There has been some outside thoughts that the Texas football program has fallen far from the tree by not getting a "big name" hire, but, per B/R's Alex Sims in his Jan. 10 article, Strong is an excellent coach.
The Texas Longhorns brought in an excellent coach in Louisville's Charlie Strong, a coach many programs would be thrilled to have.
But for UT—and perhaps only for UT—the hire seems underwhelming. Like going to a fancy $50-a-plate event, only to eat with flimsy college dining hall silverware. The gourmet meal is still great, but something about the experience is missing.
Although Strong could be just the man to lead Texas back to the top, it is still a wonder why the program wasn't able to pull some of the big names (Nick Saban, Jimbo Fisher, Jim Harbaugh) that were mentioned along the way.
But when coach after coach entered and left the conversation and the bowl season came and went, it was clear: Texas just isn't what it used to be.
Texas just isn't what it used to be after losing the 2010 BCS National Championship game. The Longhorns' program never truly recovered after that season. Now, the correct coaching hire appears to be changing that loss of swagger.
First reported by Bobby Burton of 247Sports.com, Texas would indeed hire Strong not even a week after the 2013 Russell Athletic Bowl. While some may argue that the short time length of the head coaching hire shows how far Texas has fallen, Sims does make an astute observation in his article with regard to the supporters:
"The Texas they know is gone."
It's true, the culture at Texas is in for a major change with Strong at the helm. The old ways from the previous four seasons and possibly beyond are gone. According to Tex, the Longhorns are in for a huge culture shock. He highlights the changes and Strong's expectations, per sources, in his January article:
Players will attend all of their classes and sit in the front two rows of all of their classes. GAs, academic folks, position coaches will be checking constantly now.
No headphones in class. No texting in class. Sit up and take notes.
If a player misses a class, he runs until it hurts. If he misses two classes, his entire position unit runs. If he misses three, the position coach runs. The position coaches don't want to run.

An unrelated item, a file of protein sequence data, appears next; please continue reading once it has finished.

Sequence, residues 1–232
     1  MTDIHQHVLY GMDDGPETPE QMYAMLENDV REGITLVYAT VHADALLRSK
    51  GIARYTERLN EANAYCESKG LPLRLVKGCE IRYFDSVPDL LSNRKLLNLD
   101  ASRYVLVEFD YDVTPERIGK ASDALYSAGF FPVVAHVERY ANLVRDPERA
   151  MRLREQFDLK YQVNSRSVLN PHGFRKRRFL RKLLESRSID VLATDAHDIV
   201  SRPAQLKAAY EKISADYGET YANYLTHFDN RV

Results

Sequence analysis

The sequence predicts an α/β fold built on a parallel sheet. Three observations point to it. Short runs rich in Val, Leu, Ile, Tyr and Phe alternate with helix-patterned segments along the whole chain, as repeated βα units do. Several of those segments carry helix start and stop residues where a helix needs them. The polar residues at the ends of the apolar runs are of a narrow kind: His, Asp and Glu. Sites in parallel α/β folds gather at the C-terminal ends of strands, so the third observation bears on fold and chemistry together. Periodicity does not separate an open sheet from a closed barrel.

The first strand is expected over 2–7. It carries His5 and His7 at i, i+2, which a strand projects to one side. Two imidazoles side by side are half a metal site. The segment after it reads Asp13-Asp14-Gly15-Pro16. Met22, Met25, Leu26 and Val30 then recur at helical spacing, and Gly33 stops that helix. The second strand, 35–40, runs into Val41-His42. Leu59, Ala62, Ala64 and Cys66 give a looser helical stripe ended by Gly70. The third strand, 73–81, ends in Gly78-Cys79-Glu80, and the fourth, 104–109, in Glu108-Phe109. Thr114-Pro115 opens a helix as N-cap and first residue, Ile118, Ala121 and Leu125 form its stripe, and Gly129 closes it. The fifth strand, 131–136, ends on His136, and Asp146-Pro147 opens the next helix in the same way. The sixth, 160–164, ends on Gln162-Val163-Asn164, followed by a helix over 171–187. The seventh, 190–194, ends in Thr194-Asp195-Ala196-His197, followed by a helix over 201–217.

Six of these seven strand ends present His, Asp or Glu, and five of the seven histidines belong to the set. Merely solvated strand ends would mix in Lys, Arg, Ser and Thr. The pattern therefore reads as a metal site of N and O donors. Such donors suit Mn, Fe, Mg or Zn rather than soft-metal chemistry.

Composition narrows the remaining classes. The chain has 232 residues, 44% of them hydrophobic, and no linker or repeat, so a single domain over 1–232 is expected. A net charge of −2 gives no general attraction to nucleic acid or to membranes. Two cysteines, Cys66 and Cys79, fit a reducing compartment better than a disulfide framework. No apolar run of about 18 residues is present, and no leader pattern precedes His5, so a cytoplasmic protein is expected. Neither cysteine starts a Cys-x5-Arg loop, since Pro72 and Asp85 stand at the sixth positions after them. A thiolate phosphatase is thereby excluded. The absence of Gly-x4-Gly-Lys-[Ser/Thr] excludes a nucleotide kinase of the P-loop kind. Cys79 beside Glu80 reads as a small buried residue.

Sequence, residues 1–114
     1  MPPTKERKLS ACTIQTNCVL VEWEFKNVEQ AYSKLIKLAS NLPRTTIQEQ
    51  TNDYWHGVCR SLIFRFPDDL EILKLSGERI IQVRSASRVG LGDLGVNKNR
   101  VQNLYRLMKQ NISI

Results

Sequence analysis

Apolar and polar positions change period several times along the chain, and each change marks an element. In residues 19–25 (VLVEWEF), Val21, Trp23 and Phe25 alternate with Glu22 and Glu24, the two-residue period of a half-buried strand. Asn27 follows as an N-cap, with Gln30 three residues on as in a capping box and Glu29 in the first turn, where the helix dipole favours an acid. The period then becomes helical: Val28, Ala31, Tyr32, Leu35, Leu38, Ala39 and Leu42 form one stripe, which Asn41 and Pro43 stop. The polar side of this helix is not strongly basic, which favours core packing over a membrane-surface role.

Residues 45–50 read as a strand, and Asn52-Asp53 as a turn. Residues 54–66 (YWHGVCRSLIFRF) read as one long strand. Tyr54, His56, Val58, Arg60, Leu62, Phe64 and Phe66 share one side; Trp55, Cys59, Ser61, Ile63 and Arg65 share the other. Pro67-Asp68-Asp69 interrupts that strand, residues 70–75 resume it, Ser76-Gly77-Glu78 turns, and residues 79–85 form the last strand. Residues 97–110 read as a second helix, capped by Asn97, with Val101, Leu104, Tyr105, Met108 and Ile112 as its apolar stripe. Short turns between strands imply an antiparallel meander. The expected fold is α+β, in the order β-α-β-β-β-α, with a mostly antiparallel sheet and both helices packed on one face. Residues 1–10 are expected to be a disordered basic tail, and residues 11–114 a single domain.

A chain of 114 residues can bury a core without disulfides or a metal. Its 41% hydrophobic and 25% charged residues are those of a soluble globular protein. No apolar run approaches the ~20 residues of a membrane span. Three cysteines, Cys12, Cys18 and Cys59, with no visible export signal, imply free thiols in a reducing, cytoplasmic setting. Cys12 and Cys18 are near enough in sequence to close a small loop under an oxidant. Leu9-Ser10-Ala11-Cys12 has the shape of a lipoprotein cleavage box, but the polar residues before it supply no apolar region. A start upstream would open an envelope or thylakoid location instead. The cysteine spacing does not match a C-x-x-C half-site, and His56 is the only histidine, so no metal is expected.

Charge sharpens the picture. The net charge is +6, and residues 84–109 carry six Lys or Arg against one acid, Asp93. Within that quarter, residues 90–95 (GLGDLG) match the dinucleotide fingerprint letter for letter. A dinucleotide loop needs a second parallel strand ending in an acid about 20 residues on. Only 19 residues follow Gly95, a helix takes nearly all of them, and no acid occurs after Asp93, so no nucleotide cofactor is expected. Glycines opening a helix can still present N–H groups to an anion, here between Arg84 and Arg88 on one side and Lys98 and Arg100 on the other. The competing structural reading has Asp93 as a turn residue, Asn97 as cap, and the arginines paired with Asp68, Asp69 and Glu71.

No earrings in the football building. No drugs. No stealing. No guns. Treat women with respect.
Players may not live off campus anymore, unless they're a senior who hits certain academic standards. The University will buy out the leases for every player currently living off campus and put them in the athletic dorm.
The team will all live together, eat together, suffer together, and hang out together. They will become a true team and learn to impose accountability on each other. The cliques are over.
There's no time for a rebuild. "I don't have time for that." The expectation is that Texas wins now.
Players will learn that they would rather practice than milk a minor injury.
The focus is on winning and graduating. Anything extraneous to that is a distraction and will be stamped out or removed.
Strong met individually with seniors and key leaders and re-emphasized that the plan is to win now. They can lead the new culture or be run over by it.
"I don't want to talk about things. I'd rather do things. We just talked. Now it's time to do."
These expectations will weed out the weak and strengthen the already strong. While all these expectations will shape young men over the upcoming years, expectation No. 7 is the most important for supporters to read. "There's no time for a rebuild. 'I don't have time for that.' The expectation is that Texas wins now."
That's a huge change from the last several years. Former head coach Mack Brown focused on rebuilding the program after going 5-7 in 2010. It seemed like a slow process starting with "brick-by-brick" as the motto for the 2011 team, as reported by Jim Vertuno of the Associated Press (via SportsDay DFW) in a Feb. 24, 2011 article.
Brown has closed most of his team practices for several years, but said he decided to close them all this year because he doesn’t want any distractions for himself, his players and his staff during his “brick-by-brick” team reconstruction. Not after the first losing season at Texas in 13 years.
“We’ve got to start over and we’re rebuilding a foundation at every level: offense, defense, special teams, credibility, strength and conditioning, swagger, body language, chemistry, everything,” Brown said.
The most important detail from all the expectations and gatherings is that Strong is ready to instill a toughness back into Texas—the program that once contained hard hitters such as Earl Thomas and gritty lineman such as Brian Orakpo. The Texas that has been labeled soft by ESPN's College GameDay (see embedded video) appears to be no more with Strong's expectations.
Sims hits it right on target in his previously mentioned article, "Texas finally connected with UL's Strong. The Longhorns brought in a great coach; one who will quickly bring some nasty to the too-nice Texas defense."
With athletic director Steve Patterson hiring Strong, this is the right fit to shock the culture and bring the tenacity back to Texas. The program proved that it could get any coach it wanted, but Patterson only made one offer—to Strong, per Chuck Carlton of The Dallas Morning News in his Jan. 5, 2014 article.
Strong's expectations are the first step in showing Texas is back. Now, the product over the next two years must reflect that.
University of Oklahoma head coach Bob Stoops went 7-5 in his first year with that program after he was previously the defensive coordinator for the Florida Gators. The next year, the Sooners—ranked seventh in scoring defense and eighth in total defense, per NCAA.org—won the BCS National Championship.
Is that the blueprint for Strong?